On Saturday morning I found myself up, dressed and out of the house far earlier than is usual for me on a weekend. My incentive was a big one though, as I’d been invited to a bloggers breakfast at the Design Museum as part of their new exhibition Women Fashion Power. As a feminist who writes about and researches fashion, this was pretty much the most perfect invitation to land in my inbox and something definitely worth getting out of bed for! We were asked to dress in our most powerful outfit, so I headed to the banks of the river Thames wearing my favourite Fever London dress, accessorised with a Gilbert & George for Tatty Devine gin bottle necklace and – because it’s the Design Museum – my United Nude Eamz pumps. The finishing touches to my powerful look were hair as high as I could manage in five minutes and a rare application of lipstick, in MAC‘s deliciously bright Relentlessly Red. The museum might feel a little bit out of the way for those used to no more than a five minute walk from the Tube, but the views you encounter on the way from London Bridge station to the Design Museum’s current home at Shad Thames will surely make an awestruck tourist out of even the most cynical Londoner. I was first to arrive and was greeted by Press and PR Manager Jenny Stewart who was also wearing Tatty Devine (commissioned for the exhibition).
After coffee and a croissant and a chat with some of the other bloggers on the perils of red carpet dressing – I can’t even remember how we got onto that topic! – we were led up to the gallery space by co-curator Donna Loveday and assistant curator Jenna Rossi-Camus who then gave us an introduction to the exhibition and an extremely informative guided tour. We found out that the space was designed by architect Zaha Hadid around two central explosions – the Timeline and the Arena of Power – and that the curators sought to develop their own ‘power list’ of contemporary women to form a key part of the exhibition. The Timeline section starts in 1850 and focuses on key liberating moments for women that were of political, social and cultural significance. Beginning with the technological developments which made corsets more practical for the wearer and ending with twenty-first century ethical and sustainability issues surrounding fashion, the sheer number of times I gasped with excitement at this section was quite ridiculous. Apologies to all the other bloggers who I no doubt distracted from the fascinating talk with all my oohs and ahs… especially over the underwear!
My joy at seeing a ventilated corset was quickly exceeded by the thrill of standing in front of an original suffragette blouse on open display. The colours of the Women’s Social and Political Union are clearly visible through the lace, showing allegiance whilst also conforming to the dress standards of the day, so as not to alienate potential allies to the cause. The protest dress section was followed by one on motoring, featuring a delightful driving hat, before I was stopped in my tracks by the sight of a copy of Mary Phelps Jacob’s patent for an early brassiere (I’m personally not convinced that she was the first, but that’s a whole other blog post!). We were then taken on a journey through the decades, with the exhibits highlighting designers, fabrics and social influences that shaped the way women dressed and expressed themselves through clothing in the twentieth century. Although there was a suit worn by Margaret Thatcher (see image above) and a brief nod to 80s ‘power dressing’, it is evident from this exhibition that there is much more to the concept of Women Fashion Power than masculine influences and Alexis Colby‘s shoulder pads, which Loveday helpfully reminded us were part of an exaggerated screen costume and so not entirely representative of the fashions at the time. I like to think that my early 60s influenced outfit for the day (snapped by the lovely Alyson from That’s Not My Age) proves that femininity can be just as powerful as masculinity.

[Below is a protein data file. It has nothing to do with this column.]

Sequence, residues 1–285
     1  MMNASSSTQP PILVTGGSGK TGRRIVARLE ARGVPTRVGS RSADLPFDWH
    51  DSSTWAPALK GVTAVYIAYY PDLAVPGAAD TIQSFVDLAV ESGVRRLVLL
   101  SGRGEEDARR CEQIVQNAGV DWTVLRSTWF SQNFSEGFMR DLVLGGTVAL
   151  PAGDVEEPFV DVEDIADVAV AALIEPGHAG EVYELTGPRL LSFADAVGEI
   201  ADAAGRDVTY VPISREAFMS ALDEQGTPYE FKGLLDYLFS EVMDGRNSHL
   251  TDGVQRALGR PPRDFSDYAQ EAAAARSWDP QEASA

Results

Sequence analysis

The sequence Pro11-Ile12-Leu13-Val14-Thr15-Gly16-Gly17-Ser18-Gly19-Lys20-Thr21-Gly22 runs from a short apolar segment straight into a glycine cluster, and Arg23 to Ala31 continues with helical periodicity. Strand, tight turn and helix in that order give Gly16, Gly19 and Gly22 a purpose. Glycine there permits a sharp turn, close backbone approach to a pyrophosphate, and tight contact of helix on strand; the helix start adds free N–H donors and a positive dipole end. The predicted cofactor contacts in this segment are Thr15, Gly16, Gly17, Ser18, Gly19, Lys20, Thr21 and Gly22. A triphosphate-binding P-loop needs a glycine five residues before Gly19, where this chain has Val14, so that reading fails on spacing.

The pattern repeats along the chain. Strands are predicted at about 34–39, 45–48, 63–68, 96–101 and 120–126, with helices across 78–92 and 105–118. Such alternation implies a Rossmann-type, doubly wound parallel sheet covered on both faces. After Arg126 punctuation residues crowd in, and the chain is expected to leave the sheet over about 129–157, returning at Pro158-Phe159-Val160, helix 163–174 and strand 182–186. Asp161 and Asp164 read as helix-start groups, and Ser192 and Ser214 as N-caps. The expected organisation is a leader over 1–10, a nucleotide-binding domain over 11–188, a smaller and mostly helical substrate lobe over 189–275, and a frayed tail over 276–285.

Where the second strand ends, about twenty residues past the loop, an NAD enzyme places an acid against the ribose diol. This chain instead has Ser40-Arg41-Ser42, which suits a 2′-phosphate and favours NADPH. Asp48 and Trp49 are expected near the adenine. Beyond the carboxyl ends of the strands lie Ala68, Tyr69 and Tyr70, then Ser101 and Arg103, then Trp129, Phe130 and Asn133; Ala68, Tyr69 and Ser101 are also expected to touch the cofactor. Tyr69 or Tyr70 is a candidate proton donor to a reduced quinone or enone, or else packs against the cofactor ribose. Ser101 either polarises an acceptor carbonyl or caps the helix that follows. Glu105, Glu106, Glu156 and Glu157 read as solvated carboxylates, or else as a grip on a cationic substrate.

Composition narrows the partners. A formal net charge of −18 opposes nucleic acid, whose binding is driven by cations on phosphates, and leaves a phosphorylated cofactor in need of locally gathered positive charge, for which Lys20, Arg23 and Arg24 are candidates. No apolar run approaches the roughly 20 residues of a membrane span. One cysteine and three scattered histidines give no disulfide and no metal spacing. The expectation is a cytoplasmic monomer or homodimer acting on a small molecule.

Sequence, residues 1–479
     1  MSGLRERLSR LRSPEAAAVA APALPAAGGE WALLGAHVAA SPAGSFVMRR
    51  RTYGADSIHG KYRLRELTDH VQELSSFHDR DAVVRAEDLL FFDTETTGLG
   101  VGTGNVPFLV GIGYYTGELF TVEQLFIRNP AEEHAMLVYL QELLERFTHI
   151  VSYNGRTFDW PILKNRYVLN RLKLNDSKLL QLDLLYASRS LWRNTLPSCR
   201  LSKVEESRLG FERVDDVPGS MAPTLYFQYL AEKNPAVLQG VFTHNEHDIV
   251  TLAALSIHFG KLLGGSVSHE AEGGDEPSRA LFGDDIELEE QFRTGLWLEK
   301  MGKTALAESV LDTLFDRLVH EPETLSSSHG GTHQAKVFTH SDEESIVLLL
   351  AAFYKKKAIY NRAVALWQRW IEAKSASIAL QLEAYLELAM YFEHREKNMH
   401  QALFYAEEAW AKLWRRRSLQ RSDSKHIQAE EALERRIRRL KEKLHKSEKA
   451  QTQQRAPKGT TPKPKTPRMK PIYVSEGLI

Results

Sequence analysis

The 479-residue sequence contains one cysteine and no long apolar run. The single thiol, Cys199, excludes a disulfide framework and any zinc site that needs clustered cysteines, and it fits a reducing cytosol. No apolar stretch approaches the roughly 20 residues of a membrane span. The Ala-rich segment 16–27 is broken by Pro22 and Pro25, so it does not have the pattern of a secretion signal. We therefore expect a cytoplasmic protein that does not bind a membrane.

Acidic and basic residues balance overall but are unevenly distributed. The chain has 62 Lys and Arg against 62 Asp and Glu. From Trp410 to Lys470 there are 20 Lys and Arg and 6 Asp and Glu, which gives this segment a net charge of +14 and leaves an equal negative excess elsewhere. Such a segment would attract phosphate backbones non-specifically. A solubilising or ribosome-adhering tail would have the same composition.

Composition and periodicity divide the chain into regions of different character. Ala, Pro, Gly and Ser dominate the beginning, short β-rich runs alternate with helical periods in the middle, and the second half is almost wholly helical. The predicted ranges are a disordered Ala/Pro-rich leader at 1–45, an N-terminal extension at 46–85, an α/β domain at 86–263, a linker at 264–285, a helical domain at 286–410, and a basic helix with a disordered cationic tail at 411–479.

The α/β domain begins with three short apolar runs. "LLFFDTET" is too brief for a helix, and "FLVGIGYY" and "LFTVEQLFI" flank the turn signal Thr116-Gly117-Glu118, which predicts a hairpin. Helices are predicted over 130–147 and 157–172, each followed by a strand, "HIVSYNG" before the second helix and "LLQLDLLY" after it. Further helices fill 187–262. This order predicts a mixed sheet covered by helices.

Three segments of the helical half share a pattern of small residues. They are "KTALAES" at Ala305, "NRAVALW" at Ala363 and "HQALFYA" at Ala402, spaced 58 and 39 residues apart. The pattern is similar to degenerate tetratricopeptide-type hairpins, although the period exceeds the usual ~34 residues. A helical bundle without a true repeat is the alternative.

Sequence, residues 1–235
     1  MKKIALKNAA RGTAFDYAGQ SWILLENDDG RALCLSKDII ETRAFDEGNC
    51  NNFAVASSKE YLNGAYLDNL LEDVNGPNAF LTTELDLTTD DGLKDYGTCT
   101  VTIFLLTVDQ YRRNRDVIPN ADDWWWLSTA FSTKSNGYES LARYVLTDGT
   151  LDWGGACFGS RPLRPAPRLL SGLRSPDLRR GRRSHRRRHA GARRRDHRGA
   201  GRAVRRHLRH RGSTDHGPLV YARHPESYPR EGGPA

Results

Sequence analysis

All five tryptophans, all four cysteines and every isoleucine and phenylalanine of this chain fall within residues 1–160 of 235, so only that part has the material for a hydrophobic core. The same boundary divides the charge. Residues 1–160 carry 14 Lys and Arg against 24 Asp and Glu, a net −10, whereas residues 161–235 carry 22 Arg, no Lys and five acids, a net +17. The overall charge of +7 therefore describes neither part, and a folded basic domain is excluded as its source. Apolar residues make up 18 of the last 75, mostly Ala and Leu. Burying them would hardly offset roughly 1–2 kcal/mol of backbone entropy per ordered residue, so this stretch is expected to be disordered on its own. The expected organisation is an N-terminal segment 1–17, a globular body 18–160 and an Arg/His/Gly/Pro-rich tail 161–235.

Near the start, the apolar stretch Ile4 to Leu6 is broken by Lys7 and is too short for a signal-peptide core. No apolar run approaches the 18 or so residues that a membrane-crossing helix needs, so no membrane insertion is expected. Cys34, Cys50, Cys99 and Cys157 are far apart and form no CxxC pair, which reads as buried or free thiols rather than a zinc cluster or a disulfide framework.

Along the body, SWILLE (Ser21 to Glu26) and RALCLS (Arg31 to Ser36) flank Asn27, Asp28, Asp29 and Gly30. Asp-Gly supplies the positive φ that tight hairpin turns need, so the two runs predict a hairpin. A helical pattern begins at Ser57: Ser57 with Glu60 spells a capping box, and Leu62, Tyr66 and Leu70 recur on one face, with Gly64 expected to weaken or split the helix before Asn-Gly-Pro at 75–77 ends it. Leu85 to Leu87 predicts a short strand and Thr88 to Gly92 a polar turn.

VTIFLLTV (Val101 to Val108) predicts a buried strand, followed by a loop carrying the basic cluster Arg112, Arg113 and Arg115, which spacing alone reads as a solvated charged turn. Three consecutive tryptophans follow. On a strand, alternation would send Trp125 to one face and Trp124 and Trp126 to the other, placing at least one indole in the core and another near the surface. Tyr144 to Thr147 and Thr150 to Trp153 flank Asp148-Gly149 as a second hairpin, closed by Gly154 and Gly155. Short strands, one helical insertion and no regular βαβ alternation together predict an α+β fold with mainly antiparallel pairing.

The Arena of Power section (see left) features outfits contributed by 26 contemporary women – including CEOs, politicians, designers, directors, musicians and journalists – and looks at how they have ‘used fashion to define and enhance their position in the world’. Each woman was asked a series of questions designed to get them thinking about their clothes, and the text accompanying each outfit is often thought provoking. Loveday read us quotes from journalist Kirsty Wark, mechanical engineer Morwenna Wilson, and Vice-President of Intel Genevieve Bell who said that, as a woman in tech, she is conspicuous as soon as she enters a room so there is no point dressing to fit in. The exhibition ends with a specially commissioned film installation by Ruth Hogben and I loved the quote from Hogben on the Design Museum’s website: ‘This film takes the fashion and removes it from the context of the body. It allows the viewer to focus on what these women wear and the importance of the advice they give, rather than how their figure looks in their clothes. Fashion is not a frivolity, it is an armour. It should be used to elevate rather than disguise oneself.’
There will be a proper exhibition review appearing on Rarely Wears Lipstick at some point over the next couple of months, but I think I’ll need a return visit first as there was just so much to take in! If I’d been able to stay for the rest of the day I might just have had enough time to properly look round, but the guided tour definitely left me wanting more. Once my dissertation is handed in at the end of November, I shall return for a second dose of Women Fashion Power and will provide you with even more reasons to visit the exhibition yourself. It’s on until 26th April 2015 at the Design Museum, 28 Shad Thames, London SE1 2YD.